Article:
Many critics today believe the notion that the days of economic growth and technological innovation are behind us. Yet, Oxford’s Ian Goldin and Chris Kutarna argue that these critics are mistaken.1 The critics, they argue, imagine “technological innovation to be like pulling balls from an urn, each ball representing a new idea. In the beginning, the urn was full and the spheres were large, but each time we’ve gone back to the urn, we’ve had to reach deeper than the last, and the spheres have dwindled into marbles.” In their view, however,
this metaphor, while intuitive and compelling, is backwards (Goldin and Kutarna 2016). Innovation is more like mixing compounds in an alchemist’s lab. Each compound is an existing idea or technology, and in the beginning we had just a few – maybe some salt, sugar, and common liquids. But then we tried mixing them together, and some of them reacted with one another to form new compounds…This metaphor is far closer to the present experience in research laboratories. Across the sciences, the pace of discovery is generally rising, not falling. For reliable evidence, consider the pharmaceuticals industry (a good litmus test because it invests more into R&D than any other industry, except aerospace). The year 2013 set a new record for total drugs launched world-wide (48) – a record that was promptly beaten in 2014 (61). With another 46 drugs launched in 2015, the last three years have been the industry’s three most productive in its history. Recent major discoveries include new weapons against heart failure, which in an aging world is now the leading cause of death; immunotherapies, which help to defeat cancers by boosting the body’s own immune response; and a viable pathway to effective Alzheimer’s medications within a decade. In part thanks to the accelerating pace of pharmaceutical achievements like these, average life expectancy across advanced economies is now rising an unprecedented four to five hours per day.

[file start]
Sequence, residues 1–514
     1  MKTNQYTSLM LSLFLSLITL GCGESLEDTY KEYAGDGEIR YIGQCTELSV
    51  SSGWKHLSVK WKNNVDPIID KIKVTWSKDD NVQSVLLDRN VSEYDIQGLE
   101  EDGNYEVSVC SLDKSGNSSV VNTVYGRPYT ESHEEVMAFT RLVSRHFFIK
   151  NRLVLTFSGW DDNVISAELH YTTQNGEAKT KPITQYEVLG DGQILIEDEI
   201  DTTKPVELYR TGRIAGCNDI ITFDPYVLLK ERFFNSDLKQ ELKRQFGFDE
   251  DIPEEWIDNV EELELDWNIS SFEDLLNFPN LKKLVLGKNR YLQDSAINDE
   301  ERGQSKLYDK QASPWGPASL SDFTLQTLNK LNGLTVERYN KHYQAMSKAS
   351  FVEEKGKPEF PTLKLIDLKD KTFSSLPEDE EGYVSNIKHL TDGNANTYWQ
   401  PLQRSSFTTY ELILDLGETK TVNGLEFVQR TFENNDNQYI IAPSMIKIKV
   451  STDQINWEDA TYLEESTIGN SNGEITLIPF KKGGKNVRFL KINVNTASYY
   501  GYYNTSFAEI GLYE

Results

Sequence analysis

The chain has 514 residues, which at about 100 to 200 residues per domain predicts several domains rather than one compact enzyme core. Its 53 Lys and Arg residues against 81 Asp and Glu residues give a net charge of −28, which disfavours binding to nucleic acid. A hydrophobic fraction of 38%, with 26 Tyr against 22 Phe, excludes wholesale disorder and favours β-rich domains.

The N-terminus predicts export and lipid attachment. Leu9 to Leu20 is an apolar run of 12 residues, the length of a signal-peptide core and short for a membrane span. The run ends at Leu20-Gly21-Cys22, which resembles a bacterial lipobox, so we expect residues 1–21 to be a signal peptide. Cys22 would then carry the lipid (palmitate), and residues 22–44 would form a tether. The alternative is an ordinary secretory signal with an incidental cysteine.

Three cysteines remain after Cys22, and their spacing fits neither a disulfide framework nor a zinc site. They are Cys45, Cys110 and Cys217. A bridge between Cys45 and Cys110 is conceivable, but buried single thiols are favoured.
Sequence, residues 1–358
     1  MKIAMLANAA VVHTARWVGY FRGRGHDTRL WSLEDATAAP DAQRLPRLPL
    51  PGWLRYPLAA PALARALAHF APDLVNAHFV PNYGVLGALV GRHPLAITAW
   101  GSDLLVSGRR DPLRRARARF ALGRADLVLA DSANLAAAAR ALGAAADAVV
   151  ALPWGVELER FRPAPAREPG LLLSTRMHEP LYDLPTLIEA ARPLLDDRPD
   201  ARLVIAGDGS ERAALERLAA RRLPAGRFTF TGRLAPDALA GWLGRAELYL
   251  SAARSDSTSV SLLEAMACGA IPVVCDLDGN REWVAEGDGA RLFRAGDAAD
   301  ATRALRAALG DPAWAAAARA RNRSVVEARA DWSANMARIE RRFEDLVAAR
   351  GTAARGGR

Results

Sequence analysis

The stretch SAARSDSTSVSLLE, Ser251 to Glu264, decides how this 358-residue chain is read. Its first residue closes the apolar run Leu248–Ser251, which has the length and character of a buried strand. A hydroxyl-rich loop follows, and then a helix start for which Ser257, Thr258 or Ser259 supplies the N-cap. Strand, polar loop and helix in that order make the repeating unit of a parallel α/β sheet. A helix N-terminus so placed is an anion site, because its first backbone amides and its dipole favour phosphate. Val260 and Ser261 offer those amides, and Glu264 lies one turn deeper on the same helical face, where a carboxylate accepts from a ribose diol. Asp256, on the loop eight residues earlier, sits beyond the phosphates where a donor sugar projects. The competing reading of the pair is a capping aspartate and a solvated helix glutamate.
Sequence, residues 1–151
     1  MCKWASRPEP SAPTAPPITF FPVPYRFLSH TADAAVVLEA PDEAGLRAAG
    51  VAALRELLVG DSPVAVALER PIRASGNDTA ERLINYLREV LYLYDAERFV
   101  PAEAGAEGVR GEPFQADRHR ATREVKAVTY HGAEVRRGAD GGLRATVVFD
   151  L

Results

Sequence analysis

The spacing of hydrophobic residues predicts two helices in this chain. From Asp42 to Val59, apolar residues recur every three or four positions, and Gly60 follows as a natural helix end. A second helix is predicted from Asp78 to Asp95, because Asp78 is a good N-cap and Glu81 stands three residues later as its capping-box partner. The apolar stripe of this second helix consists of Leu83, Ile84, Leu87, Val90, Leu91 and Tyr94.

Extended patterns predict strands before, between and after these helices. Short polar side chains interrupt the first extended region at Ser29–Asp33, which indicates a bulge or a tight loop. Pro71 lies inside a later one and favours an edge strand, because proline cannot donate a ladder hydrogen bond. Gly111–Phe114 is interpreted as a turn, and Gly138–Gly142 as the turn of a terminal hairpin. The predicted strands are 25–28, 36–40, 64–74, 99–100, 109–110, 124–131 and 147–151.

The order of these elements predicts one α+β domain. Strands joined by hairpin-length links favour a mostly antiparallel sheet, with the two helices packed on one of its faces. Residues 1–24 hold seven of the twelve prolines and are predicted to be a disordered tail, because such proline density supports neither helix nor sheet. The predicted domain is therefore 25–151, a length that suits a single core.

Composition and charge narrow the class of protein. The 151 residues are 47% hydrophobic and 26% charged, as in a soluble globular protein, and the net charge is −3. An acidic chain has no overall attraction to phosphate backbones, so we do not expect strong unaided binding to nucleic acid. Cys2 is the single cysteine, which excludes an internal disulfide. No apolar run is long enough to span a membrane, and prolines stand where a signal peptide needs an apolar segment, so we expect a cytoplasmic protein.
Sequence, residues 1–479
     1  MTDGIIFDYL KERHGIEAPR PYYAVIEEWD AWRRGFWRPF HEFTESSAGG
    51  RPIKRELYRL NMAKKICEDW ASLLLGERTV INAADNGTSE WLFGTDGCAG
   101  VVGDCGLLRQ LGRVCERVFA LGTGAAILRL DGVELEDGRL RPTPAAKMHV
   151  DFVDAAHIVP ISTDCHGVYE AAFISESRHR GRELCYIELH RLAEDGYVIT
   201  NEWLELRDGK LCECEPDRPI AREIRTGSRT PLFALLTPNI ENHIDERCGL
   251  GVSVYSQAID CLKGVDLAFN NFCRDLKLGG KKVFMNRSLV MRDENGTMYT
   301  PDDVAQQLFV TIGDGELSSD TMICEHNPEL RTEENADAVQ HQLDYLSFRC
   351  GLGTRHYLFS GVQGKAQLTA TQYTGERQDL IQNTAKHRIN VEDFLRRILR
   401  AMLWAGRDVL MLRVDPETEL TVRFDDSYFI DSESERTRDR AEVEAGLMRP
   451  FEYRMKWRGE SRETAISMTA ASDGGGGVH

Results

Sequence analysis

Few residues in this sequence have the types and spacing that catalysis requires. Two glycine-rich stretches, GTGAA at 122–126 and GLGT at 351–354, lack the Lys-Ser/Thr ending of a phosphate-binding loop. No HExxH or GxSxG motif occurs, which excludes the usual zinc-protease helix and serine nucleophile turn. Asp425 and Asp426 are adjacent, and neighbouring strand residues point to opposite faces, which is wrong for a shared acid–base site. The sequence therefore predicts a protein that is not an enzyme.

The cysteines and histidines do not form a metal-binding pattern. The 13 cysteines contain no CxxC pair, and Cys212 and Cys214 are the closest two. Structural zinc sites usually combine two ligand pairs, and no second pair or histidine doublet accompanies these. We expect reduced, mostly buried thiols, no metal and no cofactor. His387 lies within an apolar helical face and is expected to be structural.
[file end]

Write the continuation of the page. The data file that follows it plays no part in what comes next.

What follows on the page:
Goldin and Kutarna defend their view in a way that would make Julian Simon smile:
The broader cause for these emerging paradigm shifts is the inflation in human brainpower that has taken place over the past 25 years. Thanks to giant medical successes against childhood disease and aging over the past quarter-century, the present global cohort of adults is humanity’s largest and healthiest ever. It is also the best-educated. In just a generation, illiteracy has fallen from nearly half to just one-sixth of humanity. In 30 years, we’ve added three billion literate brains to our ranks. Meanwhile, the rapid expansion of higher learning in Asia means that the number of people alive right now with a university degree is greater than the total number of degrees awarded in history prior to 1980. Most importantly, the present generation is history’s best-connected, thanks principally to a quartet of big events – the end of the Cold War, waves of democratisation across Latin America, much of Asia and sub-Saharan Africa, China’s emergence from autarky, and the advent of digital communications.
Neither history, nor the present-day pace of scientific discovery supports the notion of diminishing returns to technological innovation. The challenge for growth economists is that analytic models are poorly suited to capture, and set society’s expectations for, these impending disruptions…Growth economics is powerful. At its best, it is an empirical science that helps determine how to lift human wellbeing – one of civilisation’s most important tasks. But it is unable to capture the dynamism of our new age of discovery for a reason. Much that matters is still beyond its sight.
We need an economy and a government that support dynamism and provide fertile ground for innovation.